Yes, that’s a shipping container, heavily remodelled. The bar was full of locals and tourists and could have been in any world city. There was even a group of men in pink leotards pouring beer down the throat of their soon-to-be-betrothed friend.

Life goes on.

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5 Responses to Central Christchurch, one year after the earthquake

  1. James Clarke says:

    Hey Bernie – I’m a good friend of Jo Shone, met you way back at Oxford and just stumbled across your blog post via Jude’s tweet that used the “#eqnz” hashtag that I follow….6 degrees of separation, or something!

    It’s great to see that you’ve visited Christchurch and chose to write about it, they need all the help they can get! I was in Chch in April/May 2011 as my girlfriend’s Uncle & his family live there. They’d invited us out in Sep/Oct 2010 and we were all set to visit in the April/May of 2011 when the Feb 2011 quake struck.

    Their home was badly damaged in the Feb quake, but luckily we were still able to stay with them and spent 3 wonderful weeks exploring the Canterbury region, which is an amazing place and has so much to offer. It was inspiring to see how resilient the people of Chch were only two months after the big quake, and walking around the cordon was heart breaking – it had a long lasting affect on me.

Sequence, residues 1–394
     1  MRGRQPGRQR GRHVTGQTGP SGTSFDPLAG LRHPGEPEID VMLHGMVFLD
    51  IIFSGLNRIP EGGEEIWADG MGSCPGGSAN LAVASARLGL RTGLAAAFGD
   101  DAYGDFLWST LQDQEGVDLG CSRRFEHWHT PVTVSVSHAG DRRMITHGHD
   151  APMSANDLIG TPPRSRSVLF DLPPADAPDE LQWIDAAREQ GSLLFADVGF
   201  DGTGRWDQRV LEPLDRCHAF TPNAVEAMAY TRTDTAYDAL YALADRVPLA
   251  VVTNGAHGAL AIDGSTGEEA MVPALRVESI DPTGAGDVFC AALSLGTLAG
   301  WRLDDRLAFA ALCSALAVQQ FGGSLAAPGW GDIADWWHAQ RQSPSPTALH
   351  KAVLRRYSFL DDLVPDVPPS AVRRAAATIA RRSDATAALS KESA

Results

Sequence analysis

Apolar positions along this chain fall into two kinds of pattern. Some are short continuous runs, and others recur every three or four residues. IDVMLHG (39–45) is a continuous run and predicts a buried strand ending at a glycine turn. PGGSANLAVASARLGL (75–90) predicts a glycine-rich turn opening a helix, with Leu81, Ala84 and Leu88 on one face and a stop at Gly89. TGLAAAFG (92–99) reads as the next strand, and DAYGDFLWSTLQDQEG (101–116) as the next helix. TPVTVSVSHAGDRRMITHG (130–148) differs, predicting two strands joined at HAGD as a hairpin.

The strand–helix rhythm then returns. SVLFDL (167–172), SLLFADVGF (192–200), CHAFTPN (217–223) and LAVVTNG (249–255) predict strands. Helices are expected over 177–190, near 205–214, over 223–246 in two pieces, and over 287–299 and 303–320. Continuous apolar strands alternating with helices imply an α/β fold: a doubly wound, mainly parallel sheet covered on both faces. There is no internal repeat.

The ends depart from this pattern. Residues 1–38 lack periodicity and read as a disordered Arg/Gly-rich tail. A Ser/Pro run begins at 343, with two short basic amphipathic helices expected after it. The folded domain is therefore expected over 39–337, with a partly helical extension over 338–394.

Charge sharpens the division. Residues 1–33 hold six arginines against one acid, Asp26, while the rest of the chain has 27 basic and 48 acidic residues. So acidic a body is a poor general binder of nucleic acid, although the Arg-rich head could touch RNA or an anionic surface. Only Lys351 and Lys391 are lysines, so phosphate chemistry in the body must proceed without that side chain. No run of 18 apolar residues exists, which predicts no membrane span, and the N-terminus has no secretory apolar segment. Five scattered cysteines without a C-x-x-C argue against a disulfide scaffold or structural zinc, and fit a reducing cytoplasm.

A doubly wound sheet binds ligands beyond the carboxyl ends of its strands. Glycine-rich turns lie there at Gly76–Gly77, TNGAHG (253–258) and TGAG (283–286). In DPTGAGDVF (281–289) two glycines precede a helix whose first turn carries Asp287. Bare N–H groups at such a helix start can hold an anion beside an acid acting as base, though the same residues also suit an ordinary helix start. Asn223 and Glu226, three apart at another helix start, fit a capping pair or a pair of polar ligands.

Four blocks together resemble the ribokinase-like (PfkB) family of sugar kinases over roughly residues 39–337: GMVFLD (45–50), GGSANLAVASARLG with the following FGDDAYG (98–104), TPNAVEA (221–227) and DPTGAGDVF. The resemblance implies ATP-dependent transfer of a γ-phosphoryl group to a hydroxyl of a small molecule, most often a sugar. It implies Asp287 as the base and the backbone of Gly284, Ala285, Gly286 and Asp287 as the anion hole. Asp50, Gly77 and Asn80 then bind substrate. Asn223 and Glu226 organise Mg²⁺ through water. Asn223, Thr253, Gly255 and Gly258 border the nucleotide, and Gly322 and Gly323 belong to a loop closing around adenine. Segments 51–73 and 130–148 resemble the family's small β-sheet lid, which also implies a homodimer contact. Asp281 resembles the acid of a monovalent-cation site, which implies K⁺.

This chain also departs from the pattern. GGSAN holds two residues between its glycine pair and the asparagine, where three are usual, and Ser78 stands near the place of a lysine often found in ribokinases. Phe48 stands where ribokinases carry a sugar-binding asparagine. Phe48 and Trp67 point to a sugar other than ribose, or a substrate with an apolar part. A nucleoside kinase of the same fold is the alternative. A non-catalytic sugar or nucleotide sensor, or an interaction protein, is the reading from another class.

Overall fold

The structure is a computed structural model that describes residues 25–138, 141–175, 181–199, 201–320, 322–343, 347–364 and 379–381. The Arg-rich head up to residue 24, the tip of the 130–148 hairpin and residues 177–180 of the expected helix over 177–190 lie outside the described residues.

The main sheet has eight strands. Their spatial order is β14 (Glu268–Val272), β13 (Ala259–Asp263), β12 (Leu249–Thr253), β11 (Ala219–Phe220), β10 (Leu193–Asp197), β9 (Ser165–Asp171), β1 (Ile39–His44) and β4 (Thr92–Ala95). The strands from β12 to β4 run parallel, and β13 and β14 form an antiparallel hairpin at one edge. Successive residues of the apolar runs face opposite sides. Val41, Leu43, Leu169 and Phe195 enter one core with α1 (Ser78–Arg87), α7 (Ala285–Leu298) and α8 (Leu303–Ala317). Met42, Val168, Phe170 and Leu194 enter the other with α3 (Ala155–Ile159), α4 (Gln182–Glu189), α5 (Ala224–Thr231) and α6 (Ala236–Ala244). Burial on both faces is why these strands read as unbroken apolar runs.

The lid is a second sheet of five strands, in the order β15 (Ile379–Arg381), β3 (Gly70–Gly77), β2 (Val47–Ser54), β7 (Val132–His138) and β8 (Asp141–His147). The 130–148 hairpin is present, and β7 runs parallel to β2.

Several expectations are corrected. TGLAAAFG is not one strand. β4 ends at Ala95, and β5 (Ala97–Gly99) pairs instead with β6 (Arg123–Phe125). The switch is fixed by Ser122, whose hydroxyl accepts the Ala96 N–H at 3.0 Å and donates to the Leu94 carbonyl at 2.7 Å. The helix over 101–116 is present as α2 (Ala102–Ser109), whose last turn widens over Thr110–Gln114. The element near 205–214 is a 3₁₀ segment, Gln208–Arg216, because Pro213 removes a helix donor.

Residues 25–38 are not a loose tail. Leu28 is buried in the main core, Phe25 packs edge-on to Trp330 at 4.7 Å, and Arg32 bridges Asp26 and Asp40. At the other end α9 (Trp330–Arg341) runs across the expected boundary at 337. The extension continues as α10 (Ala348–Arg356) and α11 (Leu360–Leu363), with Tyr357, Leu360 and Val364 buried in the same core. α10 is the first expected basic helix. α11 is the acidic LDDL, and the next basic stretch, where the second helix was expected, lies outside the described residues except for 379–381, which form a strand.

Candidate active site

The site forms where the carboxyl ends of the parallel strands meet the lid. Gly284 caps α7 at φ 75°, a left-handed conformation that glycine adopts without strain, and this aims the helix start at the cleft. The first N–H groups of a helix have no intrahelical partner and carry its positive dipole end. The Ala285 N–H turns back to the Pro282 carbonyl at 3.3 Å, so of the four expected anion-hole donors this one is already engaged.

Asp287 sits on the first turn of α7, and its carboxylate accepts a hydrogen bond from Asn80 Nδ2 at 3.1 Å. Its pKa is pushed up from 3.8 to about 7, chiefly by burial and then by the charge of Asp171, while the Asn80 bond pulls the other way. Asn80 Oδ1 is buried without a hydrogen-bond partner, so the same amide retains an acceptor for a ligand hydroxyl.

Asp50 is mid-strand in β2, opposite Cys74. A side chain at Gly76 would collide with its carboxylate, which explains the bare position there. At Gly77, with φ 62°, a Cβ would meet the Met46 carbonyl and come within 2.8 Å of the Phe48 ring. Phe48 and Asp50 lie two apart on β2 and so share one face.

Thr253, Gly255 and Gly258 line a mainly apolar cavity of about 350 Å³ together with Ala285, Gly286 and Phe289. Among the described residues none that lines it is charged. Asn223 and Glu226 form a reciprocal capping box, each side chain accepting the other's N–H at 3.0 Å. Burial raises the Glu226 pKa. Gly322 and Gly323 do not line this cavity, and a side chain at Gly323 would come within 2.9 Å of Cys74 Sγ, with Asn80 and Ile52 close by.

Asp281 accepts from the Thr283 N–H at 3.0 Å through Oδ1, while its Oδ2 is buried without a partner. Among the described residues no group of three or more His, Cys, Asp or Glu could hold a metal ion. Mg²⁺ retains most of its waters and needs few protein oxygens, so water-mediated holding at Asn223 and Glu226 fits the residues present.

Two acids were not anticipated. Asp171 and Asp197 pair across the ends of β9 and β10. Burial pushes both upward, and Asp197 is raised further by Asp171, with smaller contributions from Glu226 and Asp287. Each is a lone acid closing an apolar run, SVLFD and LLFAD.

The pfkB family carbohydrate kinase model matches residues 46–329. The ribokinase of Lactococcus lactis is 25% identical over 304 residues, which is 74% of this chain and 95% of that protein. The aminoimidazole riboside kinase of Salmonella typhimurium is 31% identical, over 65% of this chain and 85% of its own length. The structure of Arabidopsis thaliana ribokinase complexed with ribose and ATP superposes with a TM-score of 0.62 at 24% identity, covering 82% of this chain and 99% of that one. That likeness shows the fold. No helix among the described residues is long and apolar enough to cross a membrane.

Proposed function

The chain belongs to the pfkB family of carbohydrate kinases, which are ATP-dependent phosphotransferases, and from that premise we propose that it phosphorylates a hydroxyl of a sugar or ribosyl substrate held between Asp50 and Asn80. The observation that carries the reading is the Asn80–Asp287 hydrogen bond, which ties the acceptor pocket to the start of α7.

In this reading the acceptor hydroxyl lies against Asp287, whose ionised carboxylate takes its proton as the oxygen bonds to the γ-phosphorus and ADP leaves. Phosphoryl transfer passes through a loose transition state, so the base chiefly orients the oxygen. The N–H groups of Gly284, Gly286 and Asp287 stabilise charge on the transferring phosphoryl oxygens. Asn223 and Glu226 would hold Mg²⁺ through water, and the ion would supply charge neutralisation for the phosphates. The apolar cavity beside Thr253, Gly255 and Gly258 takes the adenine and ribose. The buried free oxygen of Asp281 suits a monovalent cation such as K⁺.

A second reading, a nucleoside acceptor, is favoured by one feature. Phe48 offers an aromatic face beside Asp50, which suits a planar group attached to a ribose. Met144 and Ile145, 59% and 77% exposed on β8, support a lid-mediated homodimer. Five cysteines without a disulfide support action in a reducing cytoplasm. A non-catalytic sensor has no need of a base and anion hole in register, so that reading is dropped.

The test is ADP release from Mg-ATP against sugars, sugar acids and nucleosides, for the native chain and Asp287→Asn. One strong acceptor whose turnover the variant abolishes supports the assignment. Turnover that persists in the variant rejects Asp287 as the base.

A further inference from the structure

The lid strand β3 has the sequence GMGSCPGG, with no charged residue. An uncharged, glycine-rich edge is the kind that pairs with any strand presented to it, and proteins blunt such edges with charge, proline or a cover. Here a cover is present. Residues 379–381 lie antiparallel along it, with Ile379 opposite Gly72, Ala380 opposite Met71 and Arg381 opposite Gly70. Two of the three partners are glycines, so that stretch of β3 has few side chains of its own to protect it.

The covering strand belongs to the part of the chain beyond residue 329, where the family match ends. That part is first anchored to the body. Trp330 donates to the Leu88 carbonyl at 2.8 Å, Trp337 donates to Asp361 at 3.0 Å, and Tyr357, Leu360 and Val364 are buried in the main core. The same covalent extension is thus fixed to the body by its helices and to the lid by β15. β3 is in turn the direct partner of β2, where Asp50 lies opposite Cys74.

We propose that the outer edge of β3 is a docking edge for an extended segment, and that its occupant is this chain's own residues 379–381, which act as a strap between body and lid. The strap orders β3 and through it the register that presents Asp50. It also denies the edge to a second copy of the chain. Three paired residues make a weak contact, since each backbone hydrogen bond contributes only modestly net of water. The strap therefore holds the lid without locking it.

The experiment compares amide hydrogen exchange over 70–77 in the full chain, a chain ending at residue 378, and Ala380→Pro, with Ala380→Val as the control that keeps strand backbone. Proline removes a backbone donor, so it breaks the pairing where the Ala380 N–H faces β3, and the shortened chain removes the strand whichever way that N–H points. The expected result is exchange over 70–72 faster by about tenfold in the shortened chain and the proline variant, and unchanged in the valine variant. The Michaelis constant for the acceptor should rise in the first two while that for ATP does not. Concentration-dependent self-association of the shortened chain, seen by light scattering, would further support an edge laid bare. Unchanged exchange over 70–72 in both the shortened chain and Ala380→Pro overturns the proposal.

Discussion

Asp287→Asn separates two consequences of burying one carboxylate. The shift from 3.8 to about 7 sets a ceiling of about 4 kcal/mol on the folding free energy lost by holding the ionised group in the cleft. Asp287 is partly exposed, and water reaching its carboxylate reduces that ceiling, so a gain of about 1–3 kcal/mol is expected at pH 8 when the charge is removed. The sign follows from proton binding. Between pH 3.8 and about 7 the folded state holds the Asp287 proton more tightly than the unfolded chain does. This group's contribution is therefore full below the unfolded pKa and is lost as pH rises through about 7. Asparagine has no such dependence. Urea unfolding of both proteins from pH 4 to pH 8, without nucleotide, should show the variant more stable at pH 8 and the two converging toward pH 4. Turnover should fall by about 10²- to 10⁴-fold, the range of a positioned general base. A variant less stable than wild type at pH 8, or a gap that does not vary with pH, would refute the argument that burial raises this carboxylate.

Aside from having no city centre, the residents of Chch are still living with regular aftershocks (we experienced many, including a 5.3 which was scary as hell!) and pretty much every aspect of their ‘normal’ daily life was affected.

    My girlfriend’s family were in the ‘residential red zone’ which consists of over 6,500 homes where the land has been so badly damaged by quakes and subsidence it has been deemed beyond repair for at least 5 years. The Govt. has slowly begun purchasing homes & land from residents and in November 2011 they had to leave the remnants of their 100+ year old home, which will eventually be bulldozed. They’ve now moved 30km west of the city to Darfield and bought a new home and business, starting again in their mid 50’s, instead of retiring as they’d planned to do!